If it’s a video interview, ensure the technology is ready to go
If your interview is going to take place via video, be sure you prepare beforehand to ensure a smooth interview free of any technical issues. Here are some important things to do:
- Find a quiet place that will be free of interruptions. Be sure that the place you choose has enough light, as well as a professional background. If you’re planning on doing your interview at home, be sure to warn any roommates so you can avoid any awkward interruptions.
- Check your internet speed. Use an online speed test to determine whether your internet can support a video call.
- Test your audio and visual settings beforehand. Have a friend or family member call you on your laptop to test your video settings and ensure an interviewer can hear and see you on the day of the interview.
While a technical glitch isn’t the end of the world, you don’t want to be unnecessarily stressed during an interview if things go awry. For more information on how to prevent technical issues, check out our article, “9 Ways to Minimize Technical Difficulties During a Video Interview.”
During the Interview
Before you get an offer, you’ll likely go through several interviews ranging from an initial screening interview to an in-person interview, as well as an assessment of your skills. (If you’re applying for a job in software development or engineering, you’ll have to go through a technical interview – Read our entire article on how to navigate your first technical interview here.)
The initial screening is to find out more about your background and gauge if you could be a good fit for the position. The in-person interview will dive deeper into your skill set, values, work ethic, and personality. Depending on the company, you might have multiple rounds of the interview process, as well as interviews with different members of the team. You will also likely need to complete a skills assessment, which can take place after your screening interview or your in-person interview. The type of assessment you’ll receive depends completely on the job you’re applying for and the industry you’re in, so be sure to check with your interviewer about any kinds of skills assessments you might need to complete before moving forward.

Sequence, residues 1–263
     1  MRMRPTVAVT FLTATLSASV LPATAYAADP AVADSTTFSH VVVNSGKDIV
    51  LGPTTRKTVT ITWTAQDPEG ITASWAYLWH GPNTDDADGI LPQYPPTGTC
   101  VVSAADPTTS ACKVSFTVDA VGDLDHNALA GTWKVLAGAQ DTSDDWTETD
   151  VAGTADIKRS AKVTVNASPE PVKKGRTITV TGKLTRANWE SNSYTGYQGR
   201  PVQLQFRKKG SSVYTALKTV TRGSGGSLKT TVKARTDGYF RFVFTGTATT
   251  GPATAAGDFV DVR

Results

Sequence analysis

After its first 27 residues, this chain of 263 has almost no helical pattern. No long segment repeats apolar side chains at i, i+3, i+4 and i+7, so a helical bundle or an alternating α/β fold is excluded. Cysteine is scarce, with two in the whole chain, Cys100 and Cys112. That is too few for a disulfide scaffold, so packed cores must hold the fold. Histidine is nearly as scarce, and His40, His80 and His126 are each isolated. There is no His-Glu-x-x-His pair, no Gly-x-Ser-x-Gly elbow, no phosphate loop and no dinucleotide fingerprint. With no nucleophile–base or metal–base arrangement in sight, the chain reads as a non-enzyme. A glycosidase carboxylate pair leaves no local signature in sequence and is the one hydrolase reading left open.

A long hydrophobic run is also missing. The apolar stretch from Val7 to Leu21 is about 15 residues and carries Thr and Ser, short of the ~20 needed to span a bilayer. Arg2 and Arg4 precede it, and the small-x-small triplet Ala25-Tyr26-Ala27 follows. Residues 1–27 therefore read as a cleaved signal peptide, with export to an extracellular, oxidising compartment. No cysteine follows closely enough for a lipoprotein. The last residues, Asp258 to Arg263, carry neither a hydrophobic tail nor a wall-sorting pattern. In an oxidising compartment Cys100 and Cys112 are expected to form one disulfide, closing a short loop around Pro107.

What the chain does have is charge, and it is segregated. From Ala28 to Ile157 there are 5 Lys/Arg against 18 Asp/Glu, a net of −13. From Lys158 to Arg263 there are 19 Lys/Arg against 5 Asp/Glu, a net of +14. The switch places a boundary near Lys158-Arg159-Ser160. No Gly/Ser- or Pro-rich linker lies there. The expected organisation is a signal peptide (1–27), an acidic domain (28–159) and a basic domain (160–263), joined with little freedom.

If you research the company thoroughly and get familiar with common interview questions and how to answer them, your interview experience should run a lot smoother. However, preparation and practice can’t always ensure a perfect interview process. Here are some things to be aware of during the interview.
The Screening Interview
Before the “big” interview you will likely have a short phone or video screen, which allows a recruiter or hiring manager to find out more about you and if you could be a good fit for the position. Nailing the screening interview is key, as it’s the only way to advance to the next interview stage. Much of your success will be dependent on your preparation, so be sure to follow the aforementioned advice to enter this interview well-informed – but keep these tips in mind as well.
- Be ready for your interview at least 10 minutes before its scheduled time and make sure you answer your phone or video chat when the recruiter calls. You don’t want missed calls to cut into your time, and it doesn’t create a great impression if you aren’t prepared to talk.
- Leave a 15 minute buffer scheduled at the end of your interview. If a recruiter is running late, you want to be able to continue the conversation without giving them a hard cutoff.
- If you’re asked to give a brief introduction, keep it brief. If you’re worried you’re not providing enough information, offer to expand on anything you mentioned.